When I am with a masculine partner, my sense of feminine power is intensified. Rather than feeling subordinate or weak, I feel a heightened sense of self. Her masculinity not only contrasts my femininity but amplifies it. Within the butch–femme dance, I feel appreciated for my very essence.
My every curve is a path to explore; my flirtations, bold or demure, are received and returned with equal desire. I want my partner to be strong and a gentleman, but that’s not a role. That’s a way of being.
Another way to look at this is that I want my partner to treat me well and to validate my feminine expression. In order for a person who is butch-identified to be a good partner to me, they must love deeply, wish to protect my heart, and respect my intellect and rightful sense of self-determination.
Recently I found a huge spider in my laundry room. My initial reaction was to scream. Then I pulled out a tape measure to document its size, and then I killed it. I posted the picture of the spider next to the tape measure on Facebook and captioned it, “Yes, I did scream like a little b*tch.”
First, a butch friend of mine asked if I’d held the tape measure up myself to take the picture, and when I proudly took credit, she told me I had balls. I take pleasure in breaking the expectations of what a femme can do and be.
Another friend, Lea Arellano, a Two-Spirit medicine person, said, “Little bitches are sacred and to be cherished.” This comment made me unreasonably happy, for this is the spirit that someone who loves femmes comes forth to offer.
Femmes are sacred and to be cherished. Butches are sacred and to be cherished.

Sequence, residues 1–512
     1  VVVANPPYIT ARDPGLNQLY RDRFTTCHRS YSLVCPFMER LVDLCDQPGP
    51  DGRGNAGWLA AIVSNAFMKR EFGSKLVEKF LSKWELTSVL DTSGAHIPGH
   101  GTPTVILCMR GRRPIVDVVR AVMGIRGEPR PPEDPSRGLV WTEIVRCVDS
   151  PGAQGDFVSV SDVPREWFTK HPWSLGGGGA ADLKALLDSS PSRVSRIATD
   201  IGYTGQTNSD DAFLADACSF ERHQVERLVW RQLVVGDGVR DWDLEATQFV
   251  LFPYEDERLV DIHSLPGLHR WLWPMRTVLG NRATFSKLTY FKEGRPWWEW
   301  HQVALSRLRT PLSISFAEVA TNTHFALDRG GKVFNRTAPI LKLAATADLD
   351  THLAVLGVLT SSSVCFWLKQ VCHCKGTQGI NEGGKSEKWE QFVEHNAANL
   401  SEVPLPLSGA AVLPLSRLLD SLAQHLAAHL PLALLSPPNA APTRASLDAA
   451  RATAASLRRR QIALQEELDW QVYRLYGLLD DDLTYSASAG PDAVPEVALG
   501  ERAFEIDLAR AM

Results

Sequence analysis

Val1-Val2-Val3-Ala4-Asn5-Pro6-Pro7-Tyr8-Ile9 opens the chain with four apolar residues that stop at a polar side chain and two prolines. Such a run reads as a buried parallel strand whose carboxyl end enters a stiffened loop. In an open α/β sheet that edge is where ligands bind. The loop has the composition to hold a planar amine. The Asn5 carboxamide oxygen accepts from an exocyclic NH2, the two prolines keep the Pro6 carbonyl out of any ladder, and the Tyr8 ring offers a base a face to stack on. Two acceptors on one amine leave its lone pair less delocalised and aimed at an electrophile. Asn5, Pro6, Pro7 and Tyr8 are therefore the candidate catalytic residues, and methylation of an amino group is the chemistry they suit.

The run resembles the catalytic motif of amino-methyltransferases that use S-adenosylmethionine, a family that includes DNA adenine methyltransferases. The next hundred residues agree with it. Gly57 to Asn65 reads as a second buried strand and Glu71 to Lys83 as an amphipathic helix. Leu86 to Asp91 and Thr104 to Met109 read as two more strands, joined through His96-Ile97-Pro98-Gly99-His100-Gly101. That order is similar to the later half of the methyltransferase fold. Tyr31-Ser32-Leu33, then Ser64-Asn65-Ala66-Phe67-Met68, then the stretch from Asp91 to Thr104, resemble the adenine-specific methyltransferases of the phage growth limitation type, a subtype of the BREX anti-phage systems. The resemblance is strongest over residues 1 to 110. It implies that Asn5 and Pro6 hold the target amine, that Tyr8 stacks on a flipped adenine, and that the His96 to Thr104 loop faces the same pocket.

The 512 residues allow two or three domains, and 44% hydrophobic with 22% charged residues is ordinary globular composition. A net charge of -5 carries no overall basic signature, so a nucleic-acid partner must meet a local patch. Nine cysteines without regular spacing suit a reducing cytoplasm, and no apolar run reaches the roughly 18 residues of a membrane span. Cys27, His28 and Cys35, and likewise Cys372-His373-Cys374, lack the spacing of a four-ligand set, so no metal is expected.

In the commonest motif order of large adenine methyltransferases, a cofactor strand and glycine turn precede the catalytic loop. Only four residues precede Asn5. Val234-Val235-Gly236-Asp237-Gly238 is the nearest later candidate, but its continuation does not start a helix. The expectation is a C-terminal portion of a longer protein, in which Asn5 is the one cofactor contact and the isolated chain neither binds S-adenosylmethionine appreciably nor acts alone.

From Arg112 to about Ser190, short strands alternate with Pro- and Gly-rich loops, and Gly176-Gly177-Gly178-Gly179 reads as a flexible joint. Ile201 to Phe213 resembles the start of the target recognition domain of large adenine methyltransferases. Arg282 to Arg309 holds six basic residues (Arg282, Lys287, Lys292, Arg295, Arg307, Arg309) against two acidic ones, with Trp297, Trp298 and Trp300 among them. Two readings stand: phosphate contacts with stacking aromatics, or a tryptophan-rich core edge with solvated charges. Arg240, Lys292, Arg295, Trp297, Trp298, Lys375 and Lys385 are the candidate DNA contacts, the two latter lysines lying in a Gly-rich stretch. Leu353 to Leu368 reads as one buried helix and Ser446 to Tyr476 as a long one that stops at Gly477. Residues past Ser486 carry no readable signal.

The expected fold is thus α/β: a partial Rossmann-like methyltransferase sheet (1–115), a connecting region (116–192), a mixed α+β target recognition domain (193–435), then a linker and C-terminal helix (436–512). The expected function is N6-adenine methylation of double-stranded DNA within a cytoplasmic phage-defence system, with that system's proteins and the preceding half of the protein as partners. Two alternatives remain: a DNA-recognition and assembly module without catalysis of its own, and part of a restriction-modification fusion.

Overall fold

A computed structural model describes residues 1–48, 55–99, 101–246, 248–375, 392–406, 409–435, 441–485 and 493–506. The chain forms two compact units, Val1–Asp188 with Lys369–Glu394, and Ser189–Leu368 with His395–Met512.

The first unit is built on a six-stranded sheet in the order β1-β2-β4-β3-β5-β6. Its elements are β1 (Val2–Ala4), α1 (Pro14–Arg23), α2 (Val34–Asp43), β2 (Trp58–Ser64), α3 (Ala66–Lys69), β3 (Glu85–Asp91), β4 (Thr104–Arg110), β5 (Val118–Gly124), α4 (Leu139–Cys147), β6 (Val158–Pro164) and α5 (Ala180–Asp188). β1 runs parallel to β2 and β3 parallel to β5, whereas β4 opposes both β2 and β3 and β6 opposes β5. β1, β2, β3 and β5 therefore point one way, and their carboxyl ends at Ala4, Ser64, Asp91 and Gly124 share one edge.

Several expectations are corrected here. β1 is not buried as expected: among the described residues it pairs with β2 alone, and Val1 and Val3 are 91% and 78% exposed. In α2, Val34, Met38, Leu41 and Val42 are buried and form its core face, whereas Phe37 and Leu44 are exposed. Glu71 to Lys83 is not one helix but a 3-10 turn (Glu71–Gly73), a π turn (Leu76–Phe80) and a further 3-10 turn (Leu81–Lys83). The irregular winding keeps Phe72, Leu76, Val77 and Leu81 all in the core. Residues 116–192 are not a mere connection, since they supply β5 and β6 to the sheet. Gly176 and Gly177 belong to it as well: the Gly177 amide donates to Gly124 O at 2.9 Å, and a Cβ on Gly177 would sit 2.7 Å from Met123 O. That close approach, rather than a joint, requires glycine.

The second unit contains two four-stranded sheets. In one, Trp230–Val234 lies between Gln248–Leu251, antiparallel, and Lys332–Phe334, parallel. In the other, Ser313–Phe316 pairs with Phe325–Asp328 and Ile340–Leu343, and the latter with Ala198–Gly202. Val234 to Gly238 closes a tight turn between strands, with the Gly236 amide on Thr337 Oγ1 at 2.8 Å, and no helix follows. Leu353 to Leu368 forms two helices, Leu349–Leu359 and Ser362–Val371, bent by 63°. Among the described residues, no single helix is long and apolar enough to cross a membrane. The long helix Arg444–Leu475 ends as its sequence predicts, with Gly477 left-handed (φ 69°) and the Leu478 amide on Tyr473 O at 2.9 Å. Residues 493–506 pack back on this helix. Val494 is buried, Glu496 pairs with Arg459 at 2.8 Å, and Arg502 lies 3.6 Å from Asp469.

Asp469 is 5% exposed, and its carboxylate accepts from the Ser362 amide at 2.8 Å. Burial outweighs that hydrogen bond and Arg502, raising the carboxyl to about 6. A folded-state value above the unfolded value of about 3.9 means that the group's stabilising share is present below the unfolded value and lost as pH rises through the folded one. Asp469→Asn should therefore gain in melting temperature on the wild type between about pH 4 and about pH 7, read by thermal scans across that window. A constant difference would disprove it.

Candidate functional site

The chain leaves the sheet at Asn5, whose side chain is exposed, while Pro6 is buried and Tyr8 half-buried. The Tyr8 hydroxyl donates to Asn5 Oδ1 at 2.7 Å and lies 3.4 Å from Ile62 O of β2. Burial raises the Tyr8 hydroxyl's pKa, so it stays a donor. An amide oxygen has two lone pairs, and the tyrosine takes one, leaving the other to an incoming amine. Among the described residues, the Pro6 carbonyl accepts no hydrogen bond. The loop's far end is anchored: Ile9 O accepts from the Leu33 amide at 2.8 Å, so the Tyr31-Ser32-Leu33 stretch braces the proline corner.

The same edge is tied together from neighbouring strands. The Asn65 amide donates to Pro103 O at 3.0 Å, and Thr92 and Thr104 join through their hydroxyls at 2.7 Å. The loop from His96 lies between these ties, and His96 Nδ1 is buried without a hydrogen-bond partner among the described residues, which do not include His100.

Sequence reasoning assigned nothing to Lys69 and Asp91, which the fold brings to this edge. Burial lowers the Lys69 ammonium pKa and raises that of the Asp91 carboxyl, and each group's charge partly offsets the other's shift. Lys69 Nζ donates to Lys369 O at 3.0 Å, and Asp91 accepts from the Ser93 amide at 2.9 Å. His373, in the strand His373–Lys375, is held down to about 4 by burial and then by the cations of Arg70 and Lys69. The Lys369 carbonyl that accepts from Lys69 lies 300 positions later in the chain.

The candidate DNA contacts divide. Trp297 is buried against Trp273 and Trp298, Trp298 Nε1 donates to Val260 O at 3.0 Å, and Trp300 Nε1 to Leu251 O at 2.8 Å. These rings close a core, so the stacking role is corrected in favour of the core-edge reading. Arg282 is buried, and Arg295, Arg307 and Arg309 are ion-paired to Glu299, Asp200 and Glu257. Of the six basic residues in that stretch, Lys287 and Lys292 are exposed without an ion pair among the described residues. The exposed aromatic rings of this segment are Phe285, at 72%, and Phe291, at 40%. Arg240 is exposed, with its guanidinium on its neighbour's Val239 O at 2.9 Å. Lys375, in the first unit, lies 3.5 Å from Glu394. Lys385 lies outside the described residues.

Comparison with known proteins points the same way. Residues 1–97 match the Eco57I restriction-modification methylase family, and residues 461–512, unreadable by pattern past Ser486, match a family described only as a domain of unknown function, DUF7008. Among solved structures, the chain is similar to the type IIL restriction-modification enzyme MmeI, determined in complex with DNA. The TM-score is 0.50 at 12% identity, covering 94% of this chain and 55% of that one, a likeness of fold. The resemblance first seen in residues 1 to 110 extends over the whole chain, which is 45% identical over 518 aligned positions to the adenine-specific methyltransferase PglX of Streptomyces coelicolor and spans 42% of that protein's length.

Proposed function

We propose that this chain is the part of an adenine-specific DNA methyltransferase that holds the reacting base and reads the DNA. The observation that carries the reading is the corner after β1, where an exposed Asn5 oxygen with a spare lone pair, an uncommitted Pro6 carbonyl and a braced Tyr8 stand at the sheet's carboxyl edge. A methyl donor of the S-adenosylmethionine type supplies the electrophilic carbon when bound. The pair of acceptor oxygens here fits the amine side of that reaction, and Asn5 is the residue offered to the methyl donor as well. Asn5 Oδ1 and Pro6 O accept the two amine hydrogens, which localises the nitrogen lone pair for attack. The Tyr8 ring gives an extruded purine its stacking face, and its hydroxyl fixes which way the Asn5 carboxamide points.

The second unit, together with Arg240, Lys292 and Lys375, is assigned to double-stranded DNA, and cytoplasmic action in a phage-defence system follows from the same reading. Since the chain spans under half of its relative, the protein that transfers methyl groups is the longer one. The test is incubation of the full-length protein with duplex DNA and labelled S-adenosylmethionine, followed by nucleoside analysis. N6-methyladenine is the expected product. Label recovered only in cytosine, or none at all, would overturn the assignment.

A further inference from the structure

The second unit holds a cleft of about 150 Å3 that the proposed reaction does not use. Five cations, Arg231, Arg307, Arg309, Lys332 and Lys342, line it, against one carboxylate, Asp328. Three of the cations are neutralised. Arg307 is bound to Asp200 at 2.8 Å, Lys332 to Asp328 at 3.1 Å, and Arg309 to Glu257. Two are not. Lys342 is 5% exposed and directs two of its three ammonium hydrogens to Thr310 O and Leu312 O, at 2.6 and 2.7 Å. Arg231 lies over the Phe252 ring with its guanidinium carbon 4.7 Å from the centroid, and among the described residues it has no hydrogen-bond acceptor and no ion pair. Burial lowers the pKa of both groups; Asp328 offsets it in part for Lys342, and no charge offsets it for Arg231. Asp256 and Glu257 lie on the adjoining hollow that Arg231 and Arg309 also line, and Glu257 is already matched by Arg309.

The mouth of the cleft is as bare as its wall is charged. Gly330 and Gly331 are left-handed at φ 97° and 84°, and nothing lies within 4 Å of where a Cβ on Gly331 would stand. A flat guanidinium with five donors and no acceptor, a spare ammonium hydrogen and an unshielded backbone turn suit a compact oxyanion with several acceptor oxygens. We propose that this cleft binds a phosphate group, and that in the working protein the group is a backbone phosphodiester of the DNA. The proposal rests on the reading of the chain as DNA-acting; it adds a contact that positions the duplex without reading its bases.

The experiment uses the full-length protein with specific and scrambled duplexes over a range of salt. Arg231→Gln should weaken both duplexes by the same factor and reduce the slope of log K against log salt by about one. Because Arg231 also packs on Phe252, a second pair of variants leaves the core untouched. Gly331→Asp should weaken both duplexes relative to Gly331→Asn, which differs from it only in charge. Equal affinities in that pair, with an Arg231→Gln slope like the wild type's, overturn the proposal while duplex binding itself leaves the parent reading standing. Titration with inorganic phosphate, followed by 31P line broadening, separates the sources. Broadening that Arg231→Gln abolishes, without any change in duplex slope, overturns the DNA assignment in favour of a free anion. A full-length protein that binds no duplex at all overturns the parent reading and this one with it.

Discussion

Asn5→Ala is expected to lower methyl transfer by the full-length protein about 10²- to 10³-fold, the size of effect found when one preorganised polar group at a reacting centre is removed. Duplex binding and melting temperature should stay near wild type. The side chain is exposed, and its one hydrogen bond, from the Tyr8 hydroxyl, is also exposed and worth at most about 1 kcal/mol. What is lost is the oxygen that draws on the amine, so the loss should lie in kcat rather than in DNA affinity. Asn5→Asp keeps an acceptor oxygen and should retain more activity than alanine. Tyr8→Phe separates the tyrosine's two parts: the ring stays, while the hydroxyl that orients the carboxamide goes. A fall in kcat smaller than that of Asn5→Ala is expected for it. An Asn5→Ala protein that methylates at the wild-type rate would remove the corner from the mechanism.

I’ve dated a masculine, ultra-protective woman who would never call herself butch. I’ve dated a 6’2” basketball player who would never call herself butch. I loved a romantic dreamer who proudly claimed her butch identity. I was married to a trans butch who, after 17 years together, transitioned.
What I really care about is who the person is, how they treat me, if they want to tango, honor my femme identity, and let me honor their masculinity. I, too, reject roles.
I love butch–femme and the particular dynamic that exists when two people feel firmly rooted in whatever gender identity the desire, even when they are interconnected in a dance of complementary opposites. Do I ever feel I am playing a role or being anything other than my deepest, most authentic self? No, never.
The divine feminine in me likes to see the divine masculine in my partner – and it is both a spiritual and sexual connection that cannot be denied.
Whether we call ourselves by certain labels or not, it is deeply authentic and compelling. What matters is that powerful spark that ignites when two people see into each other’s truest essence.
Georgia Kolias is a California based writer currently shopping her manuscript, The Feasting Virgin, a culinary novel featuring a quirky Greek American foodie who struggles to reconcile her religious beliefs with her emerging sexuality. She holds an MFA/MA in Creative Writing. She regularly blogs for The Huffington Post, where her posts have been featured in the Parents, Queer Voices, Impact, Entertainment, and Wedding/Divorce sections. Her work has appeared in the Advocate.com, The Manifest-Station, Role Reboot, When Women Waken, and various anthologies. You can find her at www.georgiakolias.com, on Facebook at Georgia Kolias, Author and on Twitter @georgiakolias.